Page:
Defendants strongly argue that plaintiff did indeed have a "full and fair" opportunity to litigate the issue of his dyslexia, given the facts that the prior lawsuit lasted three years, a full opportunity was provided for discovery, and plaintiff never properly served discovery requests. While it may be the case that plaintiff was given a full and fair opportunity to litigate the issue of his dyslexia, such a finding cannot be made at this stage of the litigation. As recognized by Magistrate Judge McCarthy, there appears to be a number of issues of fact with respect to the discovery conducted in the prior proceeding including whether plaintiff had access to the report, whether it was properly requested by plaintiff and, if so, whether plaintiff's requests were properly denied by defendants.

It is quite possible that any failure to obtain the report was the fault of plaintiff's and as a result he is collaterally estopped from relitigating this issue. However, in light of plaintiff's pro se status and the Court's obligation to consider all of plaintiff's factual allegations as true and draw all reasonable inferences in plaintiff's favor, dismissal is not appropriate. Indeed, the Northern District of New York's consideration of plaintiff's pro se status as well as plaintiff's ability and efforts to procure discovery, both of which involve disputed issues of fact, may likely be relevant to whether plaintiff has a full and fair opportunity to litigate his prior claim. See Cruz v. Root, 932 F.Supp. 66-69 (WDNY 1996) ("A plaintiff's status as a pro se litigant does not, by itself, preclude barring a claim under the doctrine of collateral estoppel, but it is relevant to a determination of the fairness of his prior opportunity to be heard."); Triestman v. Fed. Bureau of Prisons, 470 F.3d 471, 474 (2d. Cir. 2006) (a pro se plaintiff is entitled to a liberal reading of their complaint and courts are to interpret them "to raise the strongest arguments they suggest").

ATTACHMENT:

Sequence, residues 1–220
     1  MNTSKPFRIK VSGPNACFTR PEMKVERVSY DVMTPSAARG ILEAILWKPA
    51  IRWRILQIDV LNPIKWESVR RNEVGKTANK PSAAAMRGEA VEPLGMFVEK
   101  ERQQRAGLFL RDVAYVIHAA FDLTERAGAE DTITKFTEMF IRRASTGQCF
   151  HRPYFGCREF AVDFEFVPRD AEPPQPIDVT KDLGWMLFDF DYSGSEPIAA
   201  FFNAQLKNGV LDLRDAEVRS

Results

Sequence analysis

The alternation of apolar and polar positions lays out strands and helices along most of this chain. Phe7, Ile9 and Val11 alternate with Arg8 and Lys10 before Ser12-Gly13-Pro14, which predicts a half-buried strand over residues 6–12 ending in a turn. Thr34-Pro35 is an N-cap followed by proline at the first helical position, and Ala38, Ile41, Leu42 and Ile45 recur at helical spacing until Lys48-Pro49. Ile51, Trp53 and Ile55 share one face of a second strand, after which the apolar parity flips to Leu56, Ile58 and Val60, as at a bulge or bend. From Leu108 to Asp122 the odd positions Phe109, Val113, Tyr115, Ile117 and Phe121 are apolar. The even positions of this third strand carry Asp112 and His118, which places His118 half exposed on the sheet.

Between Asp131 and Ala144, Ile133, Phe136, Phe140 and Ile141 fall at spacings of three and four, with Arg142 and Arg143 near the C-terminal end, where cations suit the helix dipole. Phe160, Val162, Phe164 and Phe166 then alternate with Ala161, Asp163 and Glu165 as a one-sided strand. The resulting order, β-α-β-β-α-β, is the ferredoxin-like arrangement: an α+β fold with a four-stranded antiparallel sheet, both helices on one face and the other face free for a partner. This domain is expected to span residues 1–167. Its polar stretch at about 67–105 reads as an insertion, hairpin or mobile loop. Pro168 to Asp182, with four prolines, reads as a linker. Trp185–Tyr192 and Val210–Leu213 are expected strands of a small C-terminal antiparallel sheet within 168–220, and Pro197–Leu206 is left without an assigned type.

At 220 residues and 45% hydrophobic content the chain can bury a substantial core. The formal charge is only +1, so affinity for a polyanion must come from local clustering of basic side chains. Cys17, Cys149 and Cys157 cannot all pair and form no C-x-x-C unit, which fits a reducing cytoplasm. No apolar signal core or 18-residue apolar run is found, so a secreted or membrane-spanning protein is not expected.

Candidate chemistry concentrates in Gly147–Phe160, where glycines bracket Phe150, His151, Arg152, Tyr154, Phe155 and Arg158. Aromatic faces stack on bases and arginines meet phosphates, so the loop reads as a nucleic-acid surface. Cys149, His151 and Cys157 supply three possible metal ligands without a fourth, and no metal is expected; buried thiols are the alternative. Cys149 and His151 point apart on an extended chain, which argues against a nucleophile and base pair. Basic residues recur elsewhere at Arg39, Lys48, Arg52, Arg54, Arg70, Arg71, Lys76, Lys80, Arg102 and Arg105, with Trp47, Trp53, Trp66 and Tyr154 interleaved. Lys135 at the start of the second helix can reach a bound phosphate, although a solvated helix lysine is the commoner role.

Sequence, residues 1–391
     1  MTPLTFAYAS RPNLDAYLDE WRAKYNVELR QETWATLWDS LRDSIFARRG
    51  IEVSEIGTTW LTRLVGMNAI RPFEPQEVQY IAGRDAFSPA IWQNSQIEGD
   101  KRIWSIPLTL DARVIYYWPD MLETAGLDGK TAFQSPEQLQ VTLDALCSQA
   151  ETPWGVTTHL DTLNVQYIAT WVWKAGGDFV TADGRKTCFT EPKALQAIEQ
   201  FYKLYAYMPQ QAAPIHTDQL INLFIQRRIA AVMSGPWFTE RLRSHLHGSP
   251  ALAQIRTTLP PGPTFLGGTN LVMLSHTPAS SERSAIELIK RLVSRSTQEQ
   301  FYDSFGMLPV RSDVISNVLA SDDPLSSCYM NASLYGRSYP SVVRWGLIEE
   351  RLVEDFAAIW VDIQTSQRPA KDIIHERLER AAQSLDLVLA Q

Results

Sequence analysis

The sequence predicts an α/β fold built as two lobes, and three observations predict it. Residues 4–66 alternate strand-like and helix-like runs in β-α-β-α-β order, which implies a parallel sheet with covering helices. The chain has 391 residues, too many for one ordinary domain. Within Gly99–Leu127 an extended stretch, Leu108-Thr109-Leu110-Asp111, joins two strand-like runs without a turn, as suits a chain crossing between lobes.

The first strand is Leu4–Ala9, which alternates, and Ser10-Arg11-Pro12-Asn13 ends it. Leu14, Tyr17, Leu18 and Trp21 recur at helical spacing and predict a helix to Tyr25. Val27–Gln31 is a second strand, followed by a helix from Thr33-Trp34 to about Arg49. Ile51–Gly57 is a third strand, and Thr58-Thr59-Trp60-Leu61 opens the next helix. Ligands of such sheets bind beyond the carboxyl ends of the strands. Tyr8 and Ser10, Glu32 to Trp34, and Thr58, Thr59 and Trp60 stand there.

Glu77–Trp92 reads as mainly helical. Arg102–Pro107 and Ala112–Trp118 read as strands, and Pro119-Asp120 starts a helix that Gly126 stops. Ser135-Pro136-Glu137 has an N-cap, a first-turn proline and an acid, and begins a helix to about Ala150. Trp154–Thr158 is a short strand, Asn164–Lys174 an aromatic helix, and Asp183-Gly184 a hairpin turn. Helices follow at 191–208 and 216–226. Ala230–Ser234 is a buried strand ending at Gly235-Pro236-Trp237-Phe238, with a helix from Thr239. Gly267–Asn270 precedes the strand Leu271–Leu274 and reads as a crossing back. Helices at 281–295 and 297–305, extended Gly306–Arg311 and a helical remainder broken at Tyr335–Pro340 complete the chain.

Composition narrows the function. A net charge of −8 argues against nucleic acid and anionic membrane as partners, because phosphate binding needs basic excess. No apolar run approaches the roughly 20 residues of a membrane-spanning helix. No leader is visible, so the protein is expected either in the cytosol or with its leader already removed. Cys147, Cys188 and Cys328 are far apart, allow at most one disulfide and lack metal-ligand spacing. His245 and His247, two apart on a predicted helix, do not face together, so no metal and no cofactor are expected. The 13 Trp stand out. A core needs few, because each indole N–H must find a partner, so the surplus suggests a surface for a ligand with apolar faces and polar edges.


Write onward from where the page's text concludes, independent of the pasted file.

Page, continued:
For these reasons, and for the reasons stated in Magistrate Judge McCarthy's Report and Recommendation, defendants' motion to dismiss on the basis of collateral estoppel is denied. Defendants are not prohibited, however, from continuing to raise this defense during the course of the litigation.

Conclusion

The Court adopts the Magistrate Judge's findings in their entirety.[6] Plaintiff's cross-motion for summary judgment is denied, and defendants' motion to dismiss is granted in part and denied in part as set forth in detail in the Report and Recommendation.

The matter is referred back to Magistrate Judge McCarthy for further proceedings.

SO ORDERED.